A desperate Japanese breakout on New Guinea

Troops (likely 32D Div.) ford a river as they move inland near Aitape, New Guinea, in spring or summer of 1944.

Troops (likely 32D Div.) ford a river as they move inland near Aitape, New Guinea, in spring or summer of 1944.

On the night of 10th/11th July the trapped Japanese 18th Army attempted to break through US lines. In what became known as the Battle of Driniumor River they attacked in a solid mass of around 10,000 men in a suicidal frontal assault. This was an attempt to ensure that some men would successfully break through – which they did – but it was achieved at appalling cost.

The Japanese were now aware of how strongly defended the US positions were. US machine gunners cut down hundreds of the Japanese, with some reports of so many bodies piled up in front of US positions that that they blocked the field of fire and men had to go forward to clear them away.

Shortly before midnight, after a short artillery preparation, which came as a surprise because no enemy artillery had been identified within range of the Driniumor, [10,000] enemy infantry in screaming waves began charging across the river against Companies E and G 128TH Infantry, in the south part of the sector of the 2D Battalion, 128TH Infantry.

The attack in the Company G sector was stopped, but another attack which hit Company E shortly after the first assault was more successful largely because of the physical impossibility of holding a position in the dark against an attacking force believed to have a ten to one superiority over the defenders. By dawn the Japanese held a good-sized area of wooded high ground to the left rear of Company G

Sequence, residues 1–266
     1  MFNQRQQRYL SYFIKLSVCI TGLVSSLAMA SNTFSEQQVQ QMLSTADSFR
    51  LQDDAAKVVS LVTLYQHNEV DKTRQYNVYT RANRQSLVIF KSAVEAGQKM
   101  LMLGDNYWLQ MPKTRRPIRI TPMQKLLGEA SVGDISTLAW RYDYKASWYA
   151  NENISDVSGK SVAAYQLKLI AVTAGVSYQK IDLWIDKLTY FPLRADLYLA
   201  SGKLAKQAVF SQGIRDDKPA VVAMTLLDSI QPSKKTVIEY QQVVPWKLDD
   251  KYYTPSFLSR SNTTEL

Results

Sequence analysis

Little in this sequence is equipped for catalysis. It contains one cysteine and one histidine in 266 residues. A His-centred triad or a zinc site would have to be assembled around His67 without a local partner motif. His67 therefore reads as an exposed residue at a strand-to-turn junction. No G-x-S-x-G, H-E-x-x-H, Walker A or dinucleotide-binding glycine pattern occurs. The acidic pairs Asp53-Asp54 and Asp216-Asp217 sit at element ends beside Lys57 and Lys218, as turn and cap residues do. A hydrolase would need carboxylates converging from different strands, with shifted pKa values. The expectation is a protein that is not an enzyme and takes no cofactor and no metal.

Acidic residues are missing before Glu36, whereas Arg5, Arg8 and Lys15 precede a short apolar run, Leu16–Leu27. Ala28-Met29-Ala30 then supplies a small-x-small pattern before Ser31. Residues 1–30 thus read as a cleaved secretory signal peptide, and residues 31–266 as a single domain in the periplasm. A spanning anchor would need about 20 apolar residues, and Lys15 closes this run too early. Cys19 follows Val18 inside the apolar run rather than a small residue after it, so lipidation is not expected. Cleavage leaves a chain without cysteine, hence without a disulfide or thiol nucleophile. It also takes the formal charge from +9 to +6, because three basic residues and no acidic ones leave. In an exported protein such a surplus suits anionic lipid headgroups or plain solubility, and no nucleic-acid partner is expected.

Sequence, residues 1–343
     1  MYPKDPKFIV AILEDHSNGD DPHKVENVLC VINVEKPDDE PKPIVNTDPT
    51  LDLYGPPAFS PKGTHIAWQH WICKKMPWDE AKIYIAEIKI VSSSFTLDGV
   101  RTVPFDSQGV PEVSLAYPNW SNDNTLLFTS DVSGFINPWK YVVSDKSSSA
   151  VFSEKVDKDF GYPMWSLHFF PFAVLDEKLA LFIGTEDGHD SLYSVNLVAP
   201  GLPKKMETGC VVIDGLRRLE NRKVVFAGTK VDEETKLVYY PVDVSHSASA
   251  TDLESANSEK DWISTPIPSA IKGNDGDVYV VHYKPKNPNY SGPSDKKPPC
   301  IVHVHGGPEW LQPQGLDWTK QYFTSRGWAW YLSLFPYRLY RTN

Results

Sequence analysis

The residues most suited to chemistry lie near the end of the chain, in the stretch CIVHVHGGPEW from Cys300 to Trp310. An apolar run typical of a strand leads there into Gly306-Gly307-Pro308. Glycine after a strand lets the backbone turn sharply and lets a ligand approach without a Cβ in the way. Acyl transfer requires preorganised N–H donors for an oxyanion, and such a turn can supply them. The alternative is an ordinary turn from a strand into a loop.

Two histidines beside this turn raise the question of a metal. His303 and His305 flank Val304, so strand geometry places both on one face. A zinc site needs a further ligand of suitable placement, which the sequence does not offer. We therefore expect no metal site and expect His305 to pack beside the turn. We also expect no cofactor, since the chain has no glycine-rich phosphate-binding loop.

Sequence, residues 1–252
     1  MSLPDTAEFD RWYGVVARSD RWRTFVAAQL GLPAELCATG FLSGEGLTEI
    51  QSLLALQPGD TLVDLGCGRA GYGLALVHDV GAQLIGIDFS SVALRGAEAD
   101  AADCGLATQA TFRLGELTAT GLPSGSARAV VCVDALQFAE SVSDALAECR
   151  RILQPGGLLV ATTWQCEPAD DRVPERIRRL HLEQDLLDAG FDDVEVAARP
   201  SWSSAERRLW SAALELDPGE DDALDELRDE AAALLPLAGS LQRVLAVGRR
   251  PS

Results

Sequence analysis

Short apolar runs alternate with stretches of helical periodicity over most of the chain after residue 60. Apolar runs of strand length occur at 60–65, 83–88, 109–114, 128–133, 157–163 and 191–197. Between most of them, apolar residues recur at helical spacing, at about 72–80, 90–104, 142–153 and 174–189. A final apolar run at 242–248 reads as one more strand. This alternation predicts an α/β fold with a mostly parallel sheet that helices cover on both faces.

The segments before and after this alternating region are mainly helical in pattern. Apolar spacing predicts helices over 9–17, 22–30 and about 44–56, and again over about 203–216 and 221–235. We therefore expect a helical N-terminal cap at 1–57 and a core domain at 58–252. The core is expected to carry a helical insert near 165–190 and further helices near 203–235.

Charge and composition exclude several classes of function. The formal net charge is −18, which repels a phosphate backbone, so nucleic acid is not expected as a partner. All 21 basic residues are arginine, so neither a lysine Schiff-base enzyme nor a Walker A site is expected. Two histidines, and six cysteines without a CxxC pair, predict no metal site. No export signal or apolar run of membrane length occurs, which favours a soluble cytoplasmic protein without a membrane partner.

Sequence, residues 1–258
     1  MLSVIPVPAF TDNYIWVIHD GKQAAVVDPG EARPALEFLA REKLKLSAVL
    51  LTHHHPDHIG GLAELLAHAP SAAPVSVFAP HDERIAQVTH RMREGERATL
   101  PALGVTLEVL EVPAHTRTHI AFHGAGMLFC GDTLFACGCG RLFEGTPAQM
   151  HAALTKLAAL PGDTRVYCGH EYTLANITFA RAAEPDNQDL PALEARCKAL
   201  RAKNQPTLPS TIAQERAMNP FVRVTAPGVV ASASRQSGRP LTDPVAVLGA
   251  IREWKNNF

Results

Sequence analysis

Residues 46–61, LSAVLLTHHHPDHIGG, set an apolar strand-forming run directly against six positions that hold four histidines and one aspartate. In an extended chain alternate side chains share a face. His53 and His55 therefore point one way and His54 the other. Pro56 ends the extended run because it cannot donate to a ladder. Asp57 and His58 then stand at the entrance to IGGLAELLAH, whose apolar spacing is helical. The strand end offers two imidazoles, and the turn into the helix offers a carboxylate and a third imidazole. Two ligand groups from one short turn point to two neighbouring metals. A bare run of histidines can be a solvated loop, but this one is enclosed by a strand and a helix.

Blakeley, H. W., Major General, Retired. The 32D Infantry Division in World War II.

Bill Garbo with his dog Teddy on New Guinea in 1944.

Bill Garbo with his dog Teddy on New Guinea in 1944.

The battle was fought in some of the most inhospitable conditions, as described by Bill Garbo, who was a member of a dog Platoon:

When first viewed from the ocean, you marvel at the beauty of this tropical paradise, the vegetation intermixed with coconut palms swaying in the breeze looks beautiful and inviting however after landing there this image changes.

The jungle is characterized by giant hardwoods, which tower two hundred feet into the air with trunks six and eight feet in diameter, flared out at the base by great buttress roots. Among and beneath the trees thrive a fantastic tangle of vines, creepers, ferns and brush, impenetrable even to the eye for more than a few feet. Kunei grass 6 to 10 feet tall grows in a thick maze along the open sand bars of the rivers with its host of mites (carriers of scrub typhus), lice and giant spiders; the blades of grass are sharp enough to slice your arms and legs if you try to walk through without using a machete to cut an opening.

Exotic birds inhabit the upper stories of the jungle growth while the Dodo bird walks the jungle floor and never flies because of useless wings, the result of an evolutionary change; its legs are powerful enough to kick a man to death when provoked; the insect world permeates the sluggish whole scene in extraordinary sizes and varieties: ants whose bite feels like a live cigarette against the flesh, improbable spiders, wasps three inches long, scorpions and centipedes that sting thrive in the undergrowth.

Insects fill the evening air just before dark with a chorus of sounds so loud you can hear nothing else. When darkness falls the noise of the insects continues for awhile then stops abruptly as though ordered by some hidden authority bringing on an eerie silence.